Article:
It is a simple definition for creating the RestHighLevelClient and the SearchRequest. More details are available on the website elastic.co.

The basic building blocks are available, so, now, it's time to define a service that will invoke the search on ES when invoked.

public class MetricService {
    private RestHighLevelClient restClient;
    private SearchRequest searchRequest;

    public MetricService(RestHighLevelClient restClient, SearchRequest searchRequest) {
        this.restClient = restClient;
        this.searchRequest = searchRequest;

    /** Cluster information as read from the response **/
    public String clusterInfo() {
              MainResponse response = restClient.info(RequestOptions.DEFAULT);

              XContentBuilder builder = XContentFactory.jsonBuilder().startObject()
                      .field("version", response.getVersion().toString())
              return Strings.toString(builder);
         }catch (IOException ex){

         return "ERROR: 500";


    /** Metric information that is composite query which has Must and Should **/
    public String getMetric() {

        SearchSourceBuilder searchSourceBuilder = new SearchSourceBuilder();
        searchSourceBuilder.timeout(new TimeValue(60, TimeUnit.SECONDS));
        searchSourceBuilder.sort(new FieldSortBuilder("@timestamp").order(SortOrder.DESC));
        BoolQueryBuilder boolQueryBuilder = QueryBuilders.boolQuery();

        List<QueryBuilder> mustQueries = new LinkedList<QueryBuilder>();

        mustQueries.add(QueryBuilders.termQuery("header_item_for", "users"));
        mustQueries.add(QueryBuilders.termQuery("metric_name", "SuccessfulLogin"));



        SearchResponse searchResponse = null;
        String output = null;
        try {
            searchResponse = restClient.search(this.searchRequest, RequestOptions.DEFAULT);

            if (searchResponse != null) {
                System.out.println(" results found.");
                output = searchResponse.toString();
        } catch (ElasticsearchStatusException ex) {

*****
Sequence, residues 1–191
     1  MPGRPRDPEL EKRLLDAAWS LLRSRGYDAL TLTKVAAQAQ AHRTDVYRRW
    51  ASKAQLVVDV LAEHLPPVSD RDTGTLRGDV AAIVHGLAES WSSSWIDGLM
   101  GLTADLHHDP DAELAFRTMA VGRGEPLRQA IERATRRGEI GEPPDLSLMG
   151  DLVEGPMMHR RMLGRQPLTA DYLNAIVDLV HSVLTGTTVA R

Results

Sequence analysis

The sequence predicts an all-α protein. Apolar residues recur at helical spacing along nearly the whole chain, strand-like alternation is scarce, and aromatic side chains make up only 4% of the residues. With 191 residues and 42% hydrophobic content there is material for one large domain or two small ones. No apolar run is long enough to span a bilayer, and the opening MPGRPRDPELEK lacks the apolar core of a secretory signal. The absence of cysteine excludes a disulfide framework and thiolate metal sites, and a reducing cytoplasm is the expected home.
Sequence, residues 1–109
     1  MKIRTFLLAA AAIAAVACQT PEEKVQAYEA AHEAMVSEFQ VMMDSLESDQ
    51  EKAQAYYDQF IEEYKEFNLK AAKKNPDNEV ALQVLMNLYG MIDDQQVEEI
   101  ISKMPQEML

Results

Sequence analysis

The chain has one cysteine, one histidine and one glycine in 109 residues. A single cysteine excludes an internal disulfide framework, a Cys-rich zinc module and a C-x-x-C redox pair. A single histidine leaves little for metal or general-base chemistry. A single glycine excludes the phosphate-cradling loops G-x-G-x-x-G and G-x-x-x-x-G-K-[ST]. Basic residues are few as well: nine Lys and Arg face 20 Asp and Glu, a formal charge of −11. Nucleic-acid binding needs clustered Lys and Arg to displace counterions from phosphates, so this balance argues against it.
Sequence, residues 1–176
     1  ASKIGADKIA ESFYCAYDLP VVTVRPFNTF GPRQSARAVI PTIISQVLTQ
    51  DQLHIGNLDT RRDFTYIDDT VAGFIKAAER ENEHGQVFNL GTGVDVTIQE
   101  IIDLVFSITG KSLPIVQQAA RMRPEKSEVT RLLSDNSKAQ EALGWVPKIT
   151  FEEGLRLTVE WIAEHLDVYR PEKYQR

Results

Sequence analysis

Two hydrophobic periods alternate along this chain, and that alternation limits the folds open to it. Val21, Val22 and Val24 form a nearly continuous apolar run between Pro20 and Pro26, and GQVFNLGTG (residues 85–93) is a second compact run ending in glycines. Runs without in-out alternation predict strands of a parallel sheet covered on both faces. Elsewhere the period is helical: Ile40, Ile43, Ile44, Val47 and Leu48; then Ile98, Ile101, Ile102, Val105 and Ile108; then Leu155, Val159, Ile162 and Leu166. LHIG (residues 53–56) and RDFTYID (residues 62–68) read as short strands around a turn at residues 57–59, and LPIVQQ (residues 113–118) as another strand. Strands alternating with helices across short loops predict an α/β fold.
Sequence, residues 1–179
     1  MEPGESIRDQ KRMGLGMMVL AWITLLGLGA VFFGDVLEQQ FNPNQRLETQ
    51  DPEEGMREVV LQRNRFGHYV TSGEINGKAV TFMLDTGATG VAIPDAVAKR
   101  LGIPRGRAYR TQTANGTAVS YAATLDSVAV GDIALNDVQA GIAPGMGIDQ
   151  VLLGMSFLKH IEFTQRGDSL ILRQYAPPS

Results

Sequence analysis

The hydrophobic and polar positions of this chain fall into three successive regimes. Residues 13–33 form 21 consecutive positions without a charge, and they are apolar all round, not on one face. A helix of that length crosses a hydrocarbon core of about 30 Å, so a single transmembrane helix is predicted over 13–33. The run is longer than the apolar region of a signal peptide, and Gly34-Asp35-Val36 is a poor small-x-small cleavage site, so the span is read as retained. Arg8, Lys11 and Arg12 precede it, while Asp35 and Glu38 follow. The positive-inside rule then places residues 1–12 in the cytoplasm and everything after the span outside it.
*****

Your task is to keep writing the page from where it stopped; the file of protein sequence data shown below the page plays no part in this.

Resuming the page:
catch (IOException ex) {
            System.out.println(" Ex : " + ex.getMessage());
        return output;


The two methods defined here are meant to be used by the two rest endpoints, that I will be exposing.


It returns the ES version information as a JSON with two information fields, name and version.


It returns a single document that has the header_item_for as users and metric_name as  SuccessfulLogin, which are the fields in the document. The other limiting condition is that the document should have been generated within the time-window of the last 7 minutes (from now).

Step 4:  Controller

public class MetricController {

    private MetricService metricService;

    public MetricController(MetricService metricService) {
        this.metricService = metricService;

    public ServiceVersion defaultHandler() {
        return getVersionInformation();

    public String ElasticQuery() {
        return metricService.getMetric();

    public String getVersionInformation() {
        return metricService.clusterInfo();

The controller ties the endpoint to the service endpoints exposed. If I ran the application (and the index exists), I can see the results of my search query.

To summarize, I just walked through a sample program by which you can execute queries (using QueryBuilder and SearchRequest) and the Java High Level Client (v6.4) to deploy your simple rest services on Tomcat.

Further Reading

elastic, elastisearch, elk, java, spring data, springboot, tutorial